Sydney Korean Theological College, Sydney College of Divinity

A Frog in Boiling Water: Teaching Theological English in a Korean Context

Rev Dr Charles Bruce Riding is a retired minister of the Presbyterian Church of Australia. He is an alumnus of the University of Queensland, University of South Australia, and Australian College of Theology.

Bruce’s research interests are both Testaments of the Christian Bible. He is a “generalist” rather than a specialist. He is also interested in the interactions between empirical science itself, the history of the sciences, and the philosophy of science, with Christianity. He has presented his PhD thesis “The Day of the LORD: Its Origin, Its Precursors, and Its Development before Amos and Hosea” at various conferences. He recently presented on the relationship between the Sciences and Christianity at the 2021 ANZATS Conference on “Scientific Revolutions, Paradigm Shifts, and Religious Conversions: Thomas Kuhn’s insights on the physical sciences applied to religion and the other humanities”. His most recent article was published this year in Dating the Book of Obadiah to 801 BC.

Bruce is the recipient of the Reserve Forces Decoration and Bar, and the Australian Active Service Medal having served on seven RAAF Bases over twenty years. He retired from the Royal Australian Air Force Specialist Reserve having served as the Chaplain (Squadron Leader). He has taught high school science, mathematics, and physics. Bruce ministered in six parishes of the Presbyterian Church in four states of Australia over forty years and continues some part-time ministry and preaching.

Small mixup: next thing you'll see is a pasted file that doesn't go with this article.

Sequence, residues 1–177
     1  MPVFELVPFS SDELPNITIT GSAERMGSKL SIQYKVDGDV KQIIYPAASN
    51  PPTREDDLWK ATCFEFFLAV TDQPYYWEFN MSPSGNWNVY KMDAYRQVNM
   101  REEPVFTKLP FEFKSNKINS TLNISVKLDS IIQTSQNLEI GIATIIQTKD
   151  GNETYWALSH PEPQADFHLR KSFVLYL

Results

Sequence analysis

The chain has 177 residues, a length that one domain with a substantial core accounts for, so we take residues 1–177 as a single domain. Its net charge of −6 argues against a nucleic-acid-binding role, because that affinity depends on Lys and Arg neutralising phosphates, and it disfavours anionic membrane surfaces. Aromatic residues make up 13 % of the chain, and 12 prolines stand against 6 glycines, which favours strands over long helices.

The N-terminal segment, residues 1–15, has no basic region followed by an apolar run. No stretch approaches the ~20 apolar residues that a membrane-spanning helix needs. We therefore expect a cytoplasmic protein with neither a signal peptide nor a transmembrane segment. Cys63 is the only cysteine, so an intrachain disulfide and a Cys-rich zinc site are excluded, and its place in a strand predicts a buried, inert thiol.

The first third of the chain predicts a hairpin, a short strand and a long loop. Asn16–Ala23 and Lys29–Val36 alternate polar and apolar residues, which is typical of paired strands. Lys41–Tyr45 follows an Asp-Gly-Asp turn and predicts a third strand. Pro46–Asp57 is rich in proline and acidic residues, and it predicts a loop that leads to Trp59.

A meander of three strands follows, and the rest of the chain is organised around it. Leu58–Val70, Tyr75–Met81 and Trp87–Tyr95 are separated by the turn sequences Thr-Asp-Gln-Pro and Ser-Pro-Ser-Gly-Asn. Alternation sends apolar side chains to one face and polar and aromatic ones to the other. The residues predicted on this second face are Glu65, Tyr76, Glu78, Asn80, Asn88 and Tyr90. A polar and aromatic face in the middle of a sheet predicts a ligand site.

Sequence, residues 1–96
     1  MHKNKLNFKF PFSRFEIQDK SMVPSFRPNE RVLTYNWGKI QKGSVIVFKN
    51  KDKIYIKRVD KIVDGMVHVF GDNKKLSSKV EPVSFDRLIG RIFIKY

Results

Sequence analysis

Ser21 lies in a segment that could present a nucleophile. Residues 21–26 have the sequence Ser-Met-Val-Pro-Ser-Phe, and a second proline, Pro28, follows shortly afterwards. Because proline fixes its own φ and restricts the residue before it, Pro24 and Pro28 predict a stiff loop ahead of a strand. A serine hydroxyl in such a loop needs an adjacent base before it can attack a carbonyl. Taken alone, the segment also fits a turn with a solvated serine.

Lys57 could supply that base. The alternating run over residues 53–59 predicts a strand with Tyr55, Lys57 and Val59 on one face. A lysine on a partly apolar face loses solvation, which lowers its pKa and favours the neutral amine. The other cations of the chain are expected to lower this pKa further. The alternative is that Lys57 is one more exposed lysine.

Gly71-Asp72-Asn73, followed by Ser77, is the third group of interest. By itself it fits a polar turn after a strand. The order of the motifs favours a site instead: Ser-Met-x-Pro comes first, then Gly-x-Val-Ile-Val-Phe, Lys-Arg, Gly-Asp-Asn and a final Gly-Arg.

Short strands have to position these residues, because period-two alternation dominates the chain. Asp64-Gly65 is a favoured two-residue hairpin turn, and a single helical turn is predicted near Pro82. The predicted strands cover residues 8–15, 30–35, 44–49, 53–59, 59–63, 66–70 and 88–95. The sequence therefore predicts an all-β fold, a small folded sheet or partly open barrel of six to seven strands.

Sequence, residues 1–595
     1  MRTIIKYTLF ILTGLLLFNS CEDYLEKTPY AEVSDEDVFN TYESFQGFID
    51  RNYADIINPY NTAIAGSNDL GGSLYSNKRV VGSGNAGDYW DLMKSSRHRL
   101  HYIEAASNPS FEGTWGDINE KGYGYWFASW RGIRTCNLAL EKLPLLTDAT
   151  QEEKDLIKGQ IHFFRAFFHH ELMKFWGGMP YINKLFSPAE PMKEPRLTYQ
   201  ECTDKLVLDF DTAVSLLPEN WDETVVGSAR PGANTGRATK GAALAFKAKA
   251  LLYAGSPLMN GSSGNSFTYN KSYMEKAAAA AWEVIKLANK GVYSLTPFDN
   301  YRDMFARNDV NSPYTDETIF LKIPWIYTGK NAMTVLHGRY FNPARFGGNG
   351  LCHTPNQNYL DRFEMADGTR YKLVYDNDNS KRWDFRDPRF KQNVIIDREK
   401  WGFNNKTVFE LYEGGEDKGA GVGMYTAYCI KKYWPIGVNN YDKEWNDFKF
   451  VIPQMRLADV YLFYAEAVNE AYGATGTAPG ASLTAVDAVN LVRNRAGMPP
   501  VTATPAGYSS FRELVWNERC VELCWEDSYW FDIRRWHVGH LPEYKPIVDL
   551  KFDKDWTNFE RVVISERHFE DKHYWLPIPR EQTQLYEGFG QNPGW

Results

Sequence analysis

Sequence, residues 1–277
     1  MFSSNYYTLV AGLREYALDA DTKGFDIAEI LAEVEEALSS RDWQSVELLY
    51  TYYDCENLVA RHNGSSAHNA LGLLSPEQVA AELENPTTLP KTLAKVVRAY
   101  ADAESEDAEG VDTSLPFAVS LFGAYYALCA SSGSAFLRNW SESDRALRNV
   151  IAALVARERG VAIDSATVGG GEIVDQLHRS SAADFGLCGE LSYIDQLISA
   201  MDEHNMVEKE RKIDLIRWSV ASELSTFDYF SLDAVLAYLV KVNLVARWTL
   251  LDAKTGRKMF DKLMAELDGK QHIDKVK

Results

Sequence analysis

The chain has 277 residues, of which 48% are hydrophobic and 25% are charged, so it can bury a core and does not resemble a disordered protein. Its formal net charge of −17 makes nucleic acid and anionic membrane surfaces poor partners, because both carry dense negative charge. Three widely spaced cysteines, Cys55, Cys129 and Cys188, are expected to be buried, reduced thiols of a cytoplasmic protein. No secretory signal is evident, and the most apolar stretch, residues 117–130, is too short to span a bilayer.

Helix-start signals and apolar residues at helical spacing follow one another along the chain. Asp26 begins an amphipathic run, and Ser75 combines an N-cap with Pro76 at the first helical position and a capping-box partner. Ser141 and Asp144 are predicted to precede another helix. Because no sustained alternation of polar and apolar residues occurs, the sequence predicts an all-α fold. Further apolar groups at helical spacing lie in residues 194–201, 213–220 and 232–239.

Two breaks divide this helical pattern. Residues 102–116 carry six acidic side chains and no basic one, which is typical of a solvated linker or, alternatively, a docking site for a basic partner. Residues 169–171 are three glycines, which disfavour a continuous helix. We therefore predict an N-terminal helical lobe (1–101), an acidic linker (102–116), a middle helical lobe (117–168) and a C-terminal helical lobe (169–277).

Presentation Abstract

Korean students enrolled in a Theological English course were residents and overseas students. Most were married, some being pastors or pastors’ kids, and actively serving at a small to medium sized church. Most of them had limited exposure to the Australian community, culture and the English language.

While the students’ English competencies varied from beginner to upper intermediate level, they struggled with the culture and the language barriers which consequently undermined their confidence and effectiveness in ministering in Australia, especially to the second generation youths.

In addition, they had keen interests and awareness of what was happening in Korea, but many had limited exposure to and interest in the Australian and world events. Their experiences seemed limited to the Korean Christian migrant communities and I sometimes felt they were living in a ‘bubble’, ‘sheltered’ and ‘protected’ within the four walls of their churches and communities.

Using the example of “A Frog in boiling water” to analyse results from surveying students, the paper explores the influence of secular worldviews and trends, and the ‘christianising’ of other religious practices and secular beliefs, on those seeking to establish and live by  a Christian worldview.